Diabetes – What is Diabetes?
Diabetes is a serious disease that affects millions each year. It happens when your body isn’t producing enough insulin, or it isn’t able to use the insulin it does have effectively.
Exercise, diet and medication can help to prevent or delay the onset of the disease. It is also essential to be aware of the symptoms to determine what’s wrong and get treatment.
What is diabetes?
Diabetes is a chronic health problem (long-lasting), which affects the way your body converts food into energy. It occurs when your pancreas does not produce enough insulin or is unable to utilize it in a proper manner.
Insulin is a hormone that helps cells absorb and utilize sugar, which is called glucose. Type 2 diabetics do not produce enough insulin, or their bodies are unable to use it properly.
The blood sugar levels rise over time in both types of diabetes. This can lead to problems with your feet, eyes and kidneys. It can also cause damage to your brain and heart arteries.
Type 1 diabetes
Type 1 diabetes is an autoimmune disease in which the body’s immune system attacks and destroys insulin-producing cells inside the pancreas. The process of destruction can last for months or even years until it eventually leads to an inability to produce insulin.
People with type 1 diabetes need to take insulin every day. They must also keep an eye on their blood sugar levels and adjust their insulin, food, and levels of activity to maintain their blood sugar within the normal range.
Type 2 diabetes
If you have type 2 diabetes your body doesn’t use insulin the way it should. Insulin is a hormone that helps your cells get blood sugar (glucose) out of your blood and into your cells, where it can be used to create energy.
Type 2 diabetics have to exercise and adhere to a healthy diet. They may also have to take medications to manage their blood sugar levels.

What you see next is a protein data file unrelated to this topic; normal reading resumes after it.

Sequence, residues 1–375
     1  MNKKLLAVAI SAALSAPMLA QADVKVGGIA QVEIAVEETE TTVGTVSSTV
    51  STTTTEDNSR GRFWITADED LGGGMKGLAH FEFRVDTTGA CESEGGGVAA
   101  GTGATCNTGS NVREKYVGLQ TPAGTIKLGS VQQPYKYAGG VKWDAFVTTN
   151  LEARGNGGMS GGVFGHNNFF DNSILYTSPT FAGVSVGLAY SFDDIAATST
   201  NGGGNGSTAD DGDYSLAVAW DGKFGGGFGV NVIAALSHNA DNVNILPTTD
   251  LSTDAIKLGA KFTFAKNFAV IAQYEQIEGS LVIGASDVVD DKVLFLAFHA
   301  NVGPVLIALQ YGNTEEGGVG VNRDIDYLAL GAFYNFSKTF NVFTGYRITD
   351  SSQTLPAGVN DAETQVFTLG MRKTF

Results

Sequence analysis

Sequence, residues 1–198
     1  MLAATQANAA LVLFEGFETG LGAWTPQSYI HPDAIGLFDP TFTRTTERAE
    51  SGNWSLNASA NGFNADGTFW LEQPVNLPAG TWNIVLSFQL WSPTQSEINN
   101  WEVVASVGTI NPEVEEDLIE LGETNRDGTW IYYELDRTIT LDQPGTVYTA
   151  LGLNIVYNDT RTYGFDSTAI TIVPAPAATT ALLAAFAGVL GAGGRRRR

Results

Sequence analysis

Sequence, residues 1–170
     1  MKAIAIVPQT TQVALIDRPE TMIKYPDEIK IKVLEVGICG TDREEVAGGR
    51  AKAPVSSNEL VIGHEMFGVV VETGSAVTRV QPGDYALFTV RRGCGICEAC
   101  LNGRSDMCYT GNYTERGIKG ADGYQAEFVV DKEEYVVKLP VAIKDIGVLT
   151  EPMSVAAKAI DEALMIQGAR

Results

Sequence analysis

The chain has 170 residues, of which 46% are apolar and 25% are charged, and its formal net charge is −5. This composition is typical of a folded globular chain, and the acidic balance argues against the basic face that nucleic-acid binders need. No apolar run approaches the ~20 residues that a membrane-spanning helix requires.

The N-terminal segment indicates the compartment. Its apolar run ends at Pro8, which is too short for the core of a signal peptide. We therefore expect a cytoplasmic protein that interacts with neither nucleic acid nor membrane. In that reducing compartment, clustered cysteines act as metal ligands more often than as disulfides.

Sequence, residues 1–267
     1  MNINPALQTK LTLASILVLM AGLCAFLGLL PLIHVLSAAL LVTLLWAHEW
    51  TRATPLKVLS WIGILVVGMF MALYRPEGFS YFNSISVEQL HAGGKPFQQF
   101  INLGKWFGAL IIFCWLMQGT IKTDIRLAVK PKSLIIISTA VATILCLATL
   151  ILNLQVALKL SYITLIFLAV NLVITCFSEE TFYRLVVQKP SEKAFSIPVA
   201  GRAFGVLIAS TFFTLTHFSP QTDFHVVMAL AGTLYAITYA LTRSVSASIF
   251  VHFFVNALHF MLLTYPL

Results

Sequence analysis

Symptoms of diabetes in women
Diabetes is a chronic condition that affects people of all races, ethnicities and genders. Women are at higher risk than males.
Women who suffer from diabetes are more likely to experience complications, such as heart disease (the most frequent diabetes-related complication) and loss of vision.
One of the early signs of women suffering from diabetes is a rise in thirst and urine, a condition known as polydipsia. This is because diabetes can cause excess sugar to build up in your bloodstream and your kidneys are not able to eliminate it.
Diabetes in men The signs and symptoms
Diabetes is a disease in which cells are unable to use glucose (blood sugar) for energy. This is usually because the pancreas produces insufficient insulin.
This can lead to elevated blood sugar levels. The body then attempts to lower these levels by flushing the excess glucose in your bloodstream through urine.
People with diabetes are typically thirsty, and they need to drink lots of fluids.
Men may also experience weight loss since their bodies break down muscle for energy, instead of fat. This is due to the fact that their blood sugar levels remain high for extended periods of time.
A balanced diet for diabetes is an important aspect of managing the condition. It can help you control blood sugar levels control weight and reduce the risk factors for heart disease.
Your diet should include plenty of whole foods like fruits vegetables, whole grains as well as beans and dairy that is low in fat. It should be free of saturated fats and sugars as well as added sugars (unhealthy).
You may also want to limit the amount of sugar-sweetened beverages you consume. These drinks often have lots of sugar in them and can cause elevated blood sugar levels.
Your doctor might recommend diabetes medication to keep your blood glucose (blood sugar) levels within the normal range. These medications are often combined with lifestyle changes, like exercise and diet to help manage diabetes.
If your blood sugar is not being managed well with one medication, you might require a second medication. Your doctor will assist you to pick the most appropriate medication to meet your needs and preferences.
Newer medications like glucagon-like receptor antagonists for peptide-1 and sodium-glucose COtransporter-2 inhibitors decrease blood sugar, have cardiovascular and kidney benefits, and reduce the risk of complications. They are also beneficial for weight loss and are available in tablet and injectable forms.